Episode 19 – Being more health conscious when drinking
Health conscious drinking is about equipping yourself with information to help you to make better choices before, during and after drinking (that is, if you decide to drink). While for some it’s hard to cut it out completely (or even avoid), let’s run through some tips on what to do if you decide to drink.
Note: If you’re pregnant, under the legal drinking age, and/or on medications, don’t drink. Obey the laws, don’t drink and drive and know your limits.
1. How much can you drink?
There’s a relationship between drinking and health related outcomes which goes like this:
The more you drink, the more at risk of accidents, lifestyles injuries or disease. So in short, drink more, risk more.
What is a standard drink?
A standard drink will help measure your alcohol intake. These measures also help to define a suggested limit for drinking.To help quantify intake, here are some examples of standard drinks:
Beer – 1 middle strength beer 375ml – 3.5% vol. Alcohol
Spirits – 1 shot 30ml – 40% Alcohol
Wine – 1 glass (Red or white) 100ml – 11.5-13.5% vol. Alcohol
What’s the limit?
The Australian guidelines suggest that the limit would be:
Two (2) standard drinks on most days (eg. 4-5 out of 7 days of the week).
Note: Any more than four (4) drinks on one given occasion will further increase your health risk.
2. Go for quality over quantity
Alcohol that is produced naturally over time would be a better choice over other options that are artificially made or have had the process accelerated. This tip is about choosing a good quality drink over a cheaper one. For one, you’ll appreciate it more and secondly, you’re less likely to drink as much alcohol because the session will then become more about appreciation over the effects.
More often than not, “you get what you pay for.”
What else can you do to be more health conscious when drinking? Read on.
3. Cut out the chasers and the mixers such as soft drinks, juices, and energy drink
Soft drinks, juices and energy drinks are the easiest way to take in calories so leave them out completely.
To give you an idea of the calorie content, one juice or chaser might be about 600kJ!
So, when you have between 2 and 4 drinks this will easily equate to 1200kJ to 2400kJ (or about the calorie intake of a regular lunch or dinner meal). Essentially you’re adding on another meal to your day. Imagine the calories you consume if you drank more than 2-4 standard drinks?! Consuming a lot of calories will put you in a position to gain weight and not only that, they’ll offset nutrient rich meals. Make sure to cut out the chasers and mixers and you’ll not only reduce the calories you consume and but you’re likely to cut down on your total alcohol intake as well.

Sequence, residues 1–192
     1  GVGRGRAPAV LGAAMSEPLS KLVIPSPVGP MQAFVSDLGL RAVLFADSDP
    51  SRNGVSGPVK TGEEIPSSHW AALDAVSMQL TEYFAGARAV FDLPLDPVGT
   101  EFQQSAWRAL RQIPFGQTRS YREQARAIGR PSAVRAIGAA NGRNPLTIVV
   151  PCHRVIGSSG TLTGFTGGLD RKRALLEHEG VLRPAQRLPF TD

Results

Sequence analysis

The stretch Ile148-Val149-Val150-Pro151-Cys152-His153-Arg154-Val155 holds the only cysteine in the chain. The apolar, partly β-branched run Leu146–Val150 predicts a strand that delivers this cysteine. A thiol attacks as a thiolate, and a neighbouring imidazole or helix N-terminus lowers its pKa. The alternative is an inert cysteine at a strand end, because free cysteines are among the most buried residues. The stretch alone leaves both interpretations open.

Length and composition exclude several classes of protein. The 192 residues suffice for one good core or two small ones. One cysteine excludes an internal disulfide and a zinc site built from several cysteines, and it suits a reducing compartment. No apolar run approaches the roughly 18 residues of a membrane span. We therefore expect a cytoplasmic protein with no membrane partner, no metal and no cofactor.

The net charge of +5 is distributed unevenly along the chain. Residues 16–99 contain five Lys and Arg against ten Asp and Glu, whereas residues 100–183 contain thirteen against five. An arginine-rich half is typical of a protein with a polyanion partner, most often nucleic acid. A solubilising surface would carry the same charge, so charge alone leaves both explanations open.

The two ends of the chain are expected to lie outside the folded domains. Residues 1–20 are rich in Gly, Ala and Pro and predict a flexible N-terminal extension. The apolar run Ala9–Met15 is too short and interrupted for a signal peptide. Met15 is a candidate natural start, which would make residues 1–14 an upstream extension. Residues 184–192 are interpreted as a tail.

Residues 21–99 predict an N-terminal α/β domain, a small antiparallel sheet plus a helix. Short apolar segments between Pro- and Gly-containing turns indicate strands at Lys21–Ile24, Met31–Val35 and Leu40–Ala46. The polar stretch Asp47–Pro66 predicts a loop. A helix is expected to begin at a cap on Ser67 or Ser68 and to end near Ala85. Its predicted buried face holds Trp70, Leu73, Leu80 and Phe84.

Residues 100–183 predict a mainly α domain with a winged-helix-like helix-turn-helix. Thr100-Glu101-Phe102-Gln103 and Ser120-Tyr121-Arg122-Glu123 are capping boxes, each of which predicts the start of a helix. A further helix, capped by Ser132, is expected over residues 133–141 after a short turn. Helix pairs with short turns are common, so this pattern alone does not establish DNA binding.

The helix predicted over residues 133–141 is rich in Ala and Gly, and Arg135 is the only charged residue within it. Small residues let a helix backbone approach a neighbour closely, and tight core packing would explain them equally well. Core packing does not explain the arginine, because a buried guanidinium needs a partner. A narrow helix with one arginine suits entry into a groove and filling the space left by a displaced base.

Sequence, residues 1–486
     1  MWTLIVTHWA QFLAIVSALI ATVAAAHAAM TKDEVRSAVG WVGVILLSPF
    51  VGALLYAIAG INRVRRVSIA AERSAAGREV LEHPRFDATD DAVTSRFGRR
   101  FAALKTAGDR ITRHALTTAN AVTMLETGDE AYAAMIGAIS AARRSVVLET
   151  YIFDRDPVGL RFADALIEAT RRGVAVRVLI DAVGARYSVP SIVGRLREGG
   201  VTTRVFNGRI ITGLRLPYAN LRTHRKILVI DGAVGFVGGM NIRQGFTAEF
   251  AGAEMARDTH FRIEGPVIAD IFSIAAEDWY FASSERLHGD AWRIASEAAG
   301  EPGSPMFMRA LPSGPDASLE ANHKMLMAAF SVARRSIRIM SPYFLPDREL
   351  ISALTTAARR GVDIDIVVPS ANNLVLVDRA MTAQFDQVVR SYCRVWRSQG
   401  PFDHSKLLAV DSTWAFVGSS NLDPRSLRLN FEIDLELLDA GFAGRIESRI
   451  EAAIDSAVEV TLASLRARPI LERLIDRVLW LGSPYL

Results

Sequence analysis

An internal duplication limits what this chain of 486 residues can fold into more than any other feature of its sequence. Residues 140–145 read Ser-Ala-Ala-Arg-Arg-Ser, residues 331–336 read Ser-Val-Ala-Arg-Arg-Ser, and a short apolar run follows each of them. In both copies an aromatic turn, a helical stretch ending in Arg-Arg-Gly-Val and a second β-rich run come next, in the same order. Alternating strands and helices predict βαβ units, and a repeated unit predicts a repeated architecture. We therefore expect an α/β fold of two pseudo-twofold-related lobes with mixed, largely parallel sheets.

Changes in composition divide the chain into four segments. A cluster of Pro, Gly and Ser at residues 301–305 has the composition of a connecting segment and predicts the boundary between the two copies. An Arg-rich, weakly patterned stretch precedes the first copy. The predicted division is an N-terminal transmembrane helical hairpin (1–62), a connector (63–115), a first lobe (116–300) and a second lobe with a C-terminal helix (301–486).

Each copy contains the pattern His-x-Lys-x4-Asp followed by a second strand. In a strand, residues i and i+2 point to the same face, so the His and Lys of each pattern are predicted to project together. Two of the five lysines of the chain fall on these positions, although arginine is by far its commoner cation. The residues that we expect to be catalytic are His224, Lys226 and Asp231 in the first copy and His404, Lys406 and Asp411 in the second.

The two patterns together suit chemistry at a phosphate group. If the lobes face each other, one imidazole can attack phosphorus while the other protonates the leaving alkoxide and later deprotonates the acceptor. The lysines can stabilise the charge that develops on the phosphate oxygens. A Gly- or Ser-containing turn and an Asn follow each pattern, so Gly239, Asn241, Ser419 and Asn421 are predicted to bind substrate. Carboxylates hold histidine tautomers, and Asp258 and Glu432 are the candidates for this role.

4. Skip the big night out meal
Don’t eat fast food after a big night out. It’s an easy way to sneak in extra calories. For example, a typical fast food meal can be 2000-5000kJ per meal which can be up to 50% of your daily energy intake. By adding a fastfood meal to your calorie intake, you can gain weight (and fat) easily and not only that, the food you eat will “stock pile” on your liver until the alcohol is processed which is not a healthy position for your liver.
What can I eat?
If you are going to eat after a big night out, some better options include:
- Fruit – most fruits are fine
- Diary – dairy such as, yoghurt and good cheese
- Nuts – such as almonds, pecans, walnuts, macadamia
These tips will help you become more aware of your drinking choices. As always, start with one tip, and build up over time. You got this! To summarize the tips, understand what it means to binge drink, go for quality over quantity, cut out the chasers and the mixers such as soft drinks, juices, and energy drink and skip the big night out meal.
Note: Remember to check out your state and national laws. Also, if you’re pregnant, under age, getting in a car or driving, taking medications or similar conditions, save yourself the trouble and skip on the drinking. Play by the rules, look after yourselves and use these tips to become a more health conscious drinker.
Feel free to watch the video!
- Alcohol guidelines: reducing the health risks – https://www.nhmrc.gov.au/health-topics/alcohol-guidelines. Accessed 9 June 2016
- Australian Guidelines to Reduce Health Risks from Drinking Alcohol – https://www.nhmrc.gov.au/guidelines-publications/ds10. Accessed 9 June 2016
- Germov, J., Williams, L. (2004) A Sociology of Food & Nutrition: The Social Appetite (2nd Ed.) Oxford.
- Gropper, S., Smith, J., Groff, J. (2005) Advanced Nutrition and Human Metabolism (4th Ed.), Thomson Wadsworth
- Mahan, L. Escott-Stump, S. (2004) Krause’s Food, Nutrition & Diet Therapy (11th Ed.) Saunders
- Nutrient Reference Values for Australia and New Zealand – https://www.nrv.gov.au/node/42 Accessed: 25 January 2016
- Porth, C. (2002) Pathophysiology: Concepts of Altered Health States (6th Ed.) Lippincott, Williams & Wilkins
- Williams, T., (2004) This=That: a life-sized photo guide to food serves
Chris Everingham lives and breathes health & fitness.
Chris Everingham lives and breathes health & fitness. International Athlete, Elite Performance Manager for the Philippine Volcanoes rugby teams, qualified Dietitian / Nutritionist and qualified educator. Chris Everingham combines more than 10 years of experience and education together to deliver the best strategies to grow your mindset, rewire your habits and transform your life.